Sines Of The Times -- Garfield Students Stimulated By Advanced Math
Chundranae Nicholson, 17, spent the summer learning more about sines and cosines.
She and 28 other Garfield High School students entrenched themselves within the red brick walls of Seattle Central Community College, 4 1/2 hours a day, five days a week for five weeks. They studied one or two semesters of math to skip a year of it or advance to a college preparatory or honors-level course.
"I like to be challenged, to keep on my toes," Nicholson said. She attended the program last year and learned the equivalent of one year of math. This year, she used it to help prepare for calculus - the most advanced math class the school offers - in the fall.
Garfield math teachers Jack Babani and Ginny Burton taught three levels of enriched math to next year's sophomores, juniors and seniors. They were assisted by two college-bound Garfield graduates who completed calculus this year.
Babani said the program was started last year to increase the ethnic diversity of math classes at Garfield. While 45 percent of Garfield students are members of minority groups, he said fewer than 10 percent in honors math classes are minorities. There are 27 African Americans and one Asian American in this summer's program.
There are three math levels, or tracks, in Seattle public high schools: an honors track that ends with calculus in the senior year; a middle track that includes precalculus material; and a lower track that isn't rigorous enough for entry into many four-year universities.
Students are tracked when they come out of middle school, said Babani, and there is no program during the school year that would allow them to jump to a higher track.
Eleven students in this year's class will have completed two semesters of math, according to Babani and Burton.
Babani said the program is not remedial, but rather is designed for "highly motivated students who want to accelerate or enrich their progress."
Nicholson, who will be senior class president and has been captain of the girls' track team for two years, wants to go to Columbia University, the University of Virginia or a black college on the East Coast. Besides helping her get into college, she thinks her math background will help her in her career.
"Right now, I want to be everything. I'm interested in computer science, marketing and business."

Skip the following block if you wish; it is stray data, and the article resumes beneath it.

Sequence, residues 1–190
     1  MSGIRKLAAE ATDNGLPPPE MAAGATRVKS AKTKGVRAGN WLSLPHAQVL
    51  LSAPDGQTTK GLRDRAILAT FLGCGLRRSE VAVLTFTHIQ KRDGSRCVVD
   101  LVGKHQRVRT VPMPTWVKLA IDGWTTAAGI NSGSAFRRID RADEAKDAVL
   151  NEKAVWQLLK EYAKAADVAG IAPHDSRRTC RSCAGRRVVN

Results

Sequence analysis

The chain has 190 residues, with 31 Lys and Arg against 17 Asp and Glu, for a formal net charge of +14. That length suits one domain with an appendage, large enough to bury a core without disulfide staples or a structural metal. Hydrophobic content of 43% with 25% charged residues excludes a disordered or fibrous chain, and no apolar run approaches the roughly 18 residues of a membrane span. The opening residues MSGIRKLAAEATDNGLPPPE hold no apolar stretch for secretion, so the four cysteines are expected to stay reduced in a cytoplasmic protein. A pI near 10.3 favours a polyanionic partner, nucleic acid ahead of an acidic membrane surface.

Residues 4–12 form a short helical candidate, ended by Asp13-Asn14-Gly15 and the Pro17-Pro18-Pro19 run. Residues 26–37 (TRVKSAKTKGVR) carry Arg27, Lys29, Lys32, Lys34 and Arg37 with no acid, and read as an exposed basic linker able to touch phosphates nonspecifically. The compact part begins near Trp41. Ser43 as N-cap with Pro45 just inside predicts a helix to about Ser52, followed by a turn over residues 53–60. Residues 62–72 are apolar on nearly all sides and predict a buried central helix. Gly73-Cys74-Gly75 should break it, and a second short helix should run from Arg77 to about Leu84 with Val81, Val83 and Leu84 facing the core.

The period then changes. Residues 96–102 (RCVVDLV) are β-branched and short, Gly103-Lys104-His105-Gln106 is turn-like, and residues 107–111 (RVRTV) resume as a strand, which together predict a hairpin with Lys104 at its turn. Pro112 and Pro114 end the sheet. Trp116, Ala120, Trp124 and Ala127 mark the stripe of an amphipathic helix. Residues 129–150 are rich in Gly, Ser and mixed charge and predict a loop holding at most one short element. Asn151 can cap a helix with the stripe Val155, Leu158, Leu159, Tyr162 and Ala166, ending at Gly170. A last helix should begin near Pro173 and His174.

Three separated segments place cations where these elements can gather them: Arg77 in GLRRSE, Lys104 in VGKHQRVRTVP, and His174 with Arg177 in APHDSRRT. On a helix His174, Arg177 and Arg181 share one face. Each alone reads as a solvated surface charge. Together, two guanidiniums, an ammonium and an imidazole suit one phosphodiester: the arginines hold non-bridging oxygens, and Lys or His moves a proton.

She said Babani served as an inspiration.
"He's energetic and puts so much time and effort into you," she said. "You see that he cares about you, and it makes me want to work and prove to myself that I can do it."
Burton said the concept of the class is similar to that in the movie "Stand and Deliver," which told the story of teacher Jaime Escalante. Escalante pushed his students at Garfield High School in East Los Angeles to national prominence in advanced placement calculus.
"The idea is to do more math, and to tell kids they can do it," Burton said. "It's not a magical kind of formula, but they realize they can do better if they work hard and have your immediate attention and the support of their schoolmates."
Each student sat down with a teacher at least once each day and spent the rest of the class time working independently or in small groups.
While students will receive academic credit for their work this summer, there are no grades. As Nakia Walker, 17, said, "You set your own goal, and that's what you're aiming for."
The program runs on a shoestring budget of $16,000, gleaned from local education organizations and businesses, and had to turn away 15 applicants because there wasn't enough money, Burton said.
She and Babani would also like more money so they could offer one period a day to follow up on students' progress during the school year.
Seattle Central Community College, one of Garfield's Partners in Public Education (PIPE), donated the use of two classrooms and access to its computer lab, where students can graph equations.
Along with learning math, students tested the flight simulator at Boeing.
Guest speakers from the Davis Wright Tremaine law firm and Microsoft discussed how math contributed to their success.
Students also spur each other on to greater achievement.
In one room, a classmate grilled Daemon Harris, 16, on the table of squares, while across the hall Nicholson and her best friend Walker staked bets on who would do better on the evaluation test.
Said Nicholson with a smile, "That's good peer pressure."
-- To find out more about the Garfield Challenge Math Program, contact Program Manager Elizabeth Hawkins at 546-4600.
Copyright (c) 1991 Seattle Times Company, All Rights Reserved.